People Are Borrowing Record Amounts To Buy A Damn Car

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Americans owe more than $1 trillion in car loans, and we’re borrowing record-setting amounts to buy a car. That’s according to a new report from Experian Automotive, which tracks car loans across the U.S.

The reason, reports CNBC, is a combination of higher prices for new cars and relatively low rates for auto loans. The average amount borrowed grew to above $27,000 last quarter, a first.


Here’s more from CNBC:

“It’s not surprising buyers are borrowing more,” said Melinda Zabritski, Experian’s senior director of automotive credit. “If you look at the most popular segments, they are full-size pickups and SUVs. It’s hard to find one of those models new and fully loaded for under $30,000.”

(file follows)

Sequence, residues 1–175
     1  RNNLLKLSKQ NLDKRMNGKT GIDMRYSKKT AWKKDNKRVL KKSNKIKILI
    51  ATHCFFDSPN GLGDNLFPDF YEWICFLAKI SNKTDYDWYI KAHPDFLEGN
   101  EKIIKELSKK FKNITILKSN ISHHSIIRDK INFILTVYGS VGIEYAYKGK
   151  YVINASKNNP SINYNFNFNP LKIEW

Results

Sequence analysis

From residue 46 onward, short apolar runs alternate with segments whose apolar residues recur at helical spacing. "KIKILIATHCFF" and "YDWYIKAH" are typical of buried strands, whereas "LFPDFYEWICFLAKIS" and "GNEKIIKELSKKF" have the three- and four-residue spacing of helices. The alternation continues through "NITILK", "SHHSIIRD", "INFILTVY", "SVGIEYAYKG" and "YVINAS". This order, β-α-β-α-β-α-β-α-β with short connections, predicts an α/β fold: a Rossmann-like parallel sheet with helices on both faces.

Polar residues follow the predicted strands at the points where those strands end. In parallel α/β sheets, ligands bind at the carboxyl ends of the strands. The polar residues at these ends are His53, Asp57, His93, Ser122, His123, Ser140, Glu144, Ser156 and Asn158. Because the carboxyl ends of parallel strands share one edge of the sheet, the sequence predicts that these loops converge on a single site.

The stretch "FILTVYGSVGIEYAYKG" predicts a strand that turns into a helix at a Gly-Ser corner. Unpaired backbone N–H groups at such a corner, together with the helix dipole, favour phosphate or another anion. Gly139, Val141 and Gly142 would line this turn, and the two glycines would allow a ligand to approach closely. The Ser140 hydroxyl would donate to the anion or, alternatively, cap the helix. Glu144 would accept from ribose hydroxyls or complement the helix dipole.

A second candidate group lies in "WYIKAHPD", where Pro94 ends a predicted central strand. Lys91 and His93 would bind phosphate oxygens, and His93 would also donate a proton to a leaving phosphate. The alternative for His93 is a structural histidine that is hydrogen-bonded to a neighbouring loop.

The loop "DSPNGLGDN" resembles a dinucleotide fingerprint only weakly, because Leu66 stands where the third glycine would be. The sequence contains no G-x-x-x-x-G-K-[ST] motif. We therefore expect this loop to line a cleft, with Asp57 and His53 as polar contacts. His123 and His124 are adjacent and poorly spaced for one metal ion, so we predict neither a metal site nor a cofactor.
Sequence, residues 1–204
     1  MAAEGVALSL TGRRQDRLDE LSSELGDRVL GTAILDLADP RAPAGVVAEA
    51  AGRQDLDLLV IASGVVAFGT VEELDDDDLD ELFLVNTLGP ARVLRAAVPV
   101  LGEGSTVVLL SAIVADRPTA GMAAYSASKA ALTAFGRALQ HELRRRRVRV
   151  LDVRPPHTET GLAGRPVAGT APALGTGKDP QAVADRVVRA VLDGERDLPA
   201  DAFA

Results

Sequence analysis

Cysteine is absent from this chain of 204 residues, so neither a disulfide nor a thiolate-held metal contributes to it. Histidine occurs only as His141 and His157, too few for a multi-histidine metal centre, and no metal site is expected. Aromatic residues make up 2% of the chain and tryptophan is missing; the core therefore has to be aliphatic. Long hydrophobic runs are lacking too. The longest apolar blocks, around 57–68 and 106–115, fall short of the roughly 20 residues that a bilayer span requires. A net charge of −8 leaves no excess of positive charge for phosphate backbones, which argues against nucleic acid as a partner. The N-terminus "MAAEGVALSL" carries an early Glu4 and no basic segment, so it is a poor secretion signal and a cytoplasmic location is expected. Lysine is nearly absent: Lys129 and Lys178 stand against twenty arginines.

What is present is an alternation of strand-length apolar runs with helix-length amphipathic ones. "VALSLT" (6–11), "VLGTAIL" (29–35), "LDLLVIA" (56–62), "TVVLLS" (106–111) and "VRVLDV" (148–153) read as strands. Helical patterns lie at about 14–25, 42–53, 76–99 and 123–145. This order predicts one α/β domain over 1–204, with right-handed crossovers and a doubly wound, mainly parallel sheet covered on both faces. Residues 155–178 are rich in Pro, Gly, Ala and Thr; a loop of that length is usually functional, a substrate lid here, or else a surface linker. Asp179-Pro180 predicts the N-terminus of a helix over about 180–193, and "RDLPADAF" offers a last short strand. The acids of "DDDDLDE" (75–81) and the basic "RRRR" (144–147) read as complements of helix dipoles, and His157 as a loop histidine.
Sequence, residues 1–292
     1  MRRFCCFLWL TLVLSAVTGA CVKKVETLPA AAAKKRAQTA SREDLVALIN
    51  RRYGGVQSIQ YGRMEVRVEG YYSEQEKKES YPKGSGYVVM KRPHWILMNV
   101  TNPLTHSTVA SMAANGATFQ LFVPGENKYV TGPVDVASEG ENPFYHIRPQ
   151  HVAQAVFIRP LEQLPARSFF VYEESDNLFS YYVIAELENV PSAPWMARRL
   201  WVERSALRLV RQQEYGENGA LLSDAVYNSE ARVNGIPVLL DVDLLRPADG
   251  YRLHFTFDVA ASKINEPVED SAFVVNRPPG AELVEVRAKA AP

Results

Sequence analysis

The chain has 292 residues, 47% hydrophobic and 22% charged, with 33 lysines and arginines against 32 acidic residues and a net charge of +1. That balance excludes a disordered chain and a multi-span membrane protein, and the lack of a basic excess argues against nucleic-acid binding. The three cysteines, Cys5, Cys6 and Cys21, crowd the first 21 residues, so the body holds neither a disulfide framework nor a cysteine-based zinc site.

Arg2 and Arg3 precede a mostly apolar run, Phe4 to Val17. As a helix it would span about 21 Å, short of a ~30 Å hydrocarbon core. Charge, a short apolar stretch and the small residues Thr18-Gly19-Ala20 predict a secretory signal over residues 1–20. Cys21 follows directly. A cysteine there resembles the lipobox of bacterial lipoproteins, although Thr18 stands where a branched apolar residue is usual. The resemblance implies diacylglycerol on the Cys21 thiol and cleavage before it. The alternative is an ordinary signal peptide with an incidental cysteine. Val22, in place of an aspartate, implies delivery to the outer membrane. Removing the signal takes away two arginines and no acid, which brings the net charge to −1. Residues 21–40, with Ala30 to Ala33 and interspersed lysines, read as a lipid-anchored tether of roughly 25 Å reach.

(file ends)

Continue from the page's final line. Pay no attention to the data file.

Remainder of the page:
According to Experian, the average auto loan in fourth quarter 2013 was $27,430—an increase of $739 compared with the same period of 2012. The average used car loan was $345 higher, coming in at $17,974.


What’s concerning is that, even though prices are at record highs, Americans are also accepting longer terms. Experian found that a record 20 percent of all new car loans in the last quarter came with 72 month terms. (There are plenty of reasons why this could be an issue.)

Lower car sales are expected this year because of the Federal Reserve’s likely move to raise interest rates. Even still, by taking out record amounts for a vehicle, we’re almost certainly going to keep increasing that $1 trillion pot of collective car loan debt. Wahoo.